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MSU ECE 4532 - Paranormal Activity Recording and Detection System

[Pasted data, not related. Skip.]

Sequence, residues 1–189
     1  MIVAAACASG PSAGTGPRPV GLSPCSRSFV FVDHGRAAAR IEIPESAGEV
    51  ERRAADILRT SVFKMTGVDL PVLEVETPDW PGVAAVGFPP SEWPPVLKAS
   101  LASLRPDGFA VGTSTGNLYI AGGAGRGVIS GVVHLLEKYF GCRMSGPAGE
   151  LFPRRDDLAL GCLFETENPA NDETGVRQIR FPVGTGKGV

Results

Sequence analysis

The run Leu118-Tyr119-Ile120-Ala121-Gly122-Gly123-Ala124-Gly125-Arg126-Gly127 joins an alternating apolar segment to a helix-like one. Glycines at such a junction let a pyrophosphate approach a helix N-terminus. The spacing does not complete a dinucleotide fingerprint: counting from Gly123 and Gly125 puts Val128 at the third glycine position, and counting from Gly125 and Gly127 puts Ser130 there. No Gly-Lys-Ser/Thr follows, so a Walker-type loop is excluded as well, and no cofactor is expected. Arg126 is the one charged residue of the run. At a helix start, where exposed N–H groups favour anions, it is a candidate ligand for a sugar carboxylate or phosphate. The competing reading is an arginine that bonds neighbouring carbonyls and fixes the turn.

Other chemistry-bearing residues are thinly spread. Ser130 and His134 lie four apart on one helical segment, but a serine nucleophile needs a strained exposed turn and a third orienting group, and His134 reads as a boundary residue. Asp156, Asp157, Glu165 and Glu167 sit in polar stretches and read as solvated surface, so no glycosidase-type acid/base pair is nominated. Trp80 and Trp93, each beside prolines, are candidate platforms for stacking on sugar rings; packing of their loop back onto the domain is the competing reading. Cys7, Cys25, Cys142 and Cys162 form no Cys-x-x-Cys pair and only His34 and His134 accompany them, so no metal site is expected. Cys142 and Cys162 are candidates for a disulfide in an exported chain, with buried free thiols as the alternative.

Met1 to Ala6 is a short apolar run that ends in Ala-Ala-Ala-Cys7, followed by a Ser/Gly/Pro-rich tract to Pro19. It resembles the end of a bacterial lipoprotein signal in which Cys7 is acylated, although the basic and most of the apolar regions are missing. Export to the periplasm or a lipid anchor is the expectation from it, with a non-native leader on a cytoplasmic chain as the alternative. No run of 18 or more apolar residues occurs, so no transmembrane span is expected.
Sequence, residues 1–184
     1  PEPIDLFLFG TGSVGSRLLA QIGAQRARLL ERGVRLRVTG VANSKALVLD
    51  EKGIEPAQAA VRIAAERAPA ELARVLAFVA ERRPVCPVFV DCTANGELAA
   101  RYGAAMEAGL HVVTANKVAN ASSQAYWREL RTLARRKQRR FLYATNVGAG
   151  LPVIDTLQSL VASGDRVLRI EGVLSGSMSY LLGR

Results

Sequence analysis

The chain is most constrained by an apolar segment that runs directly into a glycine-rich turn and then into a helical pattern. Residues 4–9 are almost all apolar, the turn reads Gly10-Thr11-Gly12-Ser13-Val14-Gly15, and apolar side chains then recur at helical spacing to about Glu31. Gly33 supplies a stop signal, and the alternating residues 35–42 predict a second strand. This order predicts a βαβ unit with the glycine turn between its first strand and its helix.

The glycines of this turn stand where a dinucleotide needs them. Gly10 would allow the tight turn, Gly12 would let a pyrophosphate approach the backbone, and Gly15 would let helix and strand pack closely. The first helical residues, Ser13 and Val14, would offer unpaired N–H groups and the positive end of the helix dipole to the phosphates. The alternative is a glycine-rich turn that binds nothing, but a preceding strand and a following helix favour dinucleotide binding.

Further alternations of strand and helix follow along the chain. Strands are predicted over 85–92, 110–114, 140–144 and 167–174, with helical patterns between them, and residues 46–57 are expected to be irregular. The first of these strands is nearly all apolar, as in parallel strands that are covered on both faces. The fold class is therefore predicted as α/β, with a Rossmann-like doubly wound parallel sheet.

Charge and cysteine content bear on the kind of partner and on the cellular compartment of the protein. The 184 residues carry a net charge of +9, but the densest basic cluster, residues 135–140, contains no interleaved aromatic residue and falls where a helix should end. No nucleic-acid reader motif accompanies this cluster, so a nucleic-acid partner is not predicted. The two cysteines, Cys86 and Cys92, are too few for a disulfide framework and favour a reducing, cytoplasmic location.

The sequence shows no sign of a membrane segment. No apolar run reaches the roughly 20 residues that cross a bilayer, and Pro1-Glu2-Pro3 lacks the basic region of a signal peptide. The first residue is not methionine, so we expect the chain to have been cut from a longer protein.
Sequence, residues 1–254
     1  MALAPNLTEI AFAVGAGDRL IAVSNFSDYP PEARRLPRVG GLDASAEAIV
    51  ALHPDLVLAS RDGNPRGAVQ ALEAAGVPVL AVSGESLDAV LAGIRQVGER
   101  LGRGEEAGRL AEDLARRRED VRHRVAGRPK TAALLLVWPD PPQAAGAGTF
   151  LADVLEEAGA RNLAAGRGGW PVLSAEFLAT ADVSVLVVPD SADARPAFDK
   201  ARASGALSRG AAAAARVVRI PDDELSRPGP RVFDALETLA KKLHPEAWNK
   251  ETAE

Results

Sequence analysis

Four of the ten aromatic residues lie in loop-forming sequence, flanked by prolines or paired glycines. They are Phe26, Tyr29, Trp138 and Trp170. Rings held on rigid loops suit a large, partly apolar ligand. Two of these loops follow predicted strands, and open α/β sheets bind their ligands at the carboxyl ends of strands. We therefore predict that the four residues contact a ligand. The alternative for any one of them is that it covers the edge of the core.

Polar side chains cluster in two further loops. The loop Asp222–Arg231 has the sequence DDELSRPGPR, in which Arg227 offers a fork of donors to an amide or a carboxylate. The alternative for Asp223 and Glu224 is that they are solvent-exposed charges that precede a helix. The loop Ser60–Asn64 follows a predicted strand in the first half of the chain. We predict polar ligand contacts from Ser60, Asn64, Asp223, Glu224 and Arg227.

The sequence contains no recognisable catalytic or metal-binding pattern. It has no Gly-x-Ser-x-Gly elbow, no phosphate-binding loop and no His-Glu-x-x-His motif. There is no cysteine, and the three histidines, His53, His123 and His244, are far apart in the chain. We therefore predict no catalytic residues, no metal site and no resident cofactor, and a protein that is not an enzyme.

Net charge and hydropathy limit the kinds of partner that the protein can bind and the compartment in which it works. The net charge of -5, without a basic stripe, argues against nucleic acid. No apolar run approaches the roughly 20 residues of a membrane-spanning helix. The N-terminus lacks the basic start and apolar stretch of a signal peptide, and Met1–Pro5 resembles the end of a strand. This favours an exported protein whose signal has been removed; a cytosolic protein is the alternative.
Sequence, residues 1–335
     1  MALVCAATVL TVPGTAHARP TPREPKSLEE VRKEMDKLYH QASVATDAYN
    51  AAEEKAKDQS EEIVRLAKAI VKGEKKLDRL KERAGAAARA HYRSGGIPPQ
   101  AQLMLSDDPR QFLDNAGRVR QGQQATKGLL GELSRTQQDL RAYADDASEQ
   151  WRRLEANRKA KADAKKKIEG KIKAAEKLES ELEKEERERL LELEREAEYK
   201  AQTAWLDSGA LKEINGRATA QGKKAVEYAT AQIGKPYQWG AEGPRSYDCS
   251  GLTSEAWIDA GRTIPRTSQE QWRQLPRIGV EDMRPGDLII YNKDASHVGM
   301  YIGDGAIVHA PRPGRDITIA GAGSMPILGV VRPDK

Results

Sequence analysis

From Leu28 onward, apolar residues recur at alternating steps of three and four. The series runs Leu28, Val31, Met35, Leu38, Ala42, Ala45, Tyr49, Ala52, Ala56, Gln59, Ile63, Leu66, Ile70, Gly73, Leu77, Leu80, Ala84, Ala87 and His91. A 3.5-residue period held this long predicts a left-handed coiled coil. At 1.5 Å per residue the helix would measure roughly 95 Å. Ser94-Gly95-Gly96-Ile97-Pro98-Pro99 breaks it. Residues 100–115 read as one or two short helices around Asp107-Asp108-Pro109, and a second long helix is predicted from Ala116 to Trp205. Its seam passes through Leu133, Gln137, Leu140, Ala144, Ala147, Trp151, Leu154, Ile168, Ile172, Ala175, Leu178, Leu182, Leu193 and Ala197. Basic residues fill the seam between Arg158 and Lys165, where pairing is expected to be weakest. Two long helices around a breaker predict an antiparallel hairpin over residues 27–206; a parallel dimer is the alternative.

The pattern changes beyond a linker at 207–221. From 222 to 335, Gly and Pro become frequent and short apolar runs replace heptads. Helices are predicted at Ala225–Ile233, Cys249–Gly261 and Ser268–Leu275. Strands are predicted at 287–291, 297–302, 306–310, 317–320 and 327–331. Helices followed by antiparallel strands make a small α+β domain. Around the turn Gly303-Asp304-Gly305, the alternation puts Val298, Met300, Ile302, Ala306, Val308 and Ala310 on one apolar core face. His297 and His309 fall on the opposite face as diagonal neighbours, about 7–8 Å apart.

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design document for PARDS: Paranormal Activity Recording and Detection System submitted to: Professor Joseph Picone ECE 4512 (or 4522, etc.): Senior Design I (or II) Department of Electrical and Computer Engineering 413 Hardy Road, Box 9571 Mississippi State University Mississippi State, Mississippi 39762 March 22, 2004 prepared by: J. Carter, B. Nagel, B. Sigh, and S. Wadhwani Faculty Advisor: Professor Robert Reese Industrial Advisor: James Smith, Corona Corporation Department of Electrical and Computer Engineering Mississippi State University 413 Hardy Road, Box 9571 Mississippi State, Mississippi 39762 Tel: 555-555-5555, Fax: 555-555-5556 email: {jnc4, ban1, bas8, smw1}@ece.msstate.edu DEPARTMENT OF ELECTRICAL AND COMPUTER ENGINEERINGPARDS: Paranormal Activity Recording and Detection System Page 2 of 35 ECE 4532: CPE Design I March 22, 2004 EXECUTIVE SUMMARY The investigation of paranormal activity has traditionally included both personal accounts of experiences and scientific records of events. The challenge for traditional paranormal investigators has been the collection of data that will pass the rigorous scrutiny of a doubtful audience. Strange variations in temperature level and electromagnetic field (EMF) are associated with the appearance and activity of ghosts; however, no currently marketed instrument combines these sensors into a recording system with a camera or microphone. Many users that have the professional or personal interest in validating (or invalidating) claims of ghost hauntings do not have the technical skill to combine temperature sensors, EMF sensors, motion sensors, cameras, and microphones to produce a synchronized output of data. Such an integrated device is necessary for monitoring an area such as a haunted house due to the unpredictable nature of the phenomenon and the fallibility of human observation. The Paranormal Activity Recording and Detection System (PARDS) will offer a solution for detecting, recording, and organizing data from potential paranormal occurrences. The PARDS will consist of two main parts: a sensor module and the recording device. The sensor module will connect up to two passive infrared (PIR) motion sensors, three IC temperature sensors, and an EMF sensor to a PIC. The firmware on the PIC collects measurements from the sensors and outputs the current sensors levels to the recording device through a RS-232 connection. The data will be recorded on the second part of the PARDS, which will basically be a small, quiet computer. A motherboard with a fanless processor will be used to maintain a noise level below 20dB, and a hard drive will be used to store a minimum of one hour of data. The recording device will have three inputs: the sensor module, an IEEE-1394 IIDC-compatible camera, and a microphone. The device will begin recording when sudden changes in sensor levels occur or motion occurs. The recording device will include a 10/100 Base-T Ethernet connection. After data is recorded, the device can be connected to a network and Windows software will download the recordings, arrange the files, and allow a user to view the video in MPEG-1 encoding. The initial design has been implemented with a few key changes. The processor used in the recording device meets the noise constraint with a sound level of 18 dB at a distance of 3 meters from the unit, but the processing capability is inadequate and cannot produce real-time MPEG recordings. Consequently, the device can only record 4 hours of continuous video. Reliability issues with the device firmware currently prevent lengthy continuous operation. The longest system run time without needing to reboot is currently 10 hours, but the average time in tests is around 3 hours. Further development is necessary to ensure that the firmware adequately addresses recovery from system errors and prevents errors when possible. The Windows software currently connects to the recording device through Windows file sharing, but the API used for this connection is not available on Win98 systems. The sensor module has been completely implemented, and the design of this portion of the system has remained unchanged from the initial ideas. The system currently provided is sufficient for monitoring areas for paranormal activity. The firmware for the device should be improved to ensure that the device can record for extended periods of time and to minimize the time necessary for compression of the video. A major concern about the current state of the project is a reliance on several expensive parts. The current EMF sensor may be more accurate than is necessary, and research may be done to find alternatives to this part. The recording device, which is essentially a small computer, is also relatively expensive. Streamlining the software will allow for less memory and a smaller hard drive, but alternatives to the current system will still be sought. However, the current system performs the required operation and can serve as a useful platform for monitoring an area.PARDS: Paranormal Activity Recording and Detection System Page 3 of 35 ECE 4532: CPE Design I March 22, 2004 TABLE OF CONTENTS 1. PROBLEM ..........................................................................................................................1 2. DESIGN REQUIREMENTS ...............................................................................................1 2.1. Technical Design Constraints .....................................................................................1 2.2. Practical Design Constraints.......................................................................................1 3. APPROACH........................................................................................................................1 4. EVALUATION....................................................................................................................1 4.1. Test Specification ......................................................................................................1 4.2. Test Certification – Simulation ...................................................................................1 4.3. Test Certification – Hardware.....................................................................................1 4.4. Test Certification – Software......................................................................................1 5. SUMMARY AND FUTURE WORK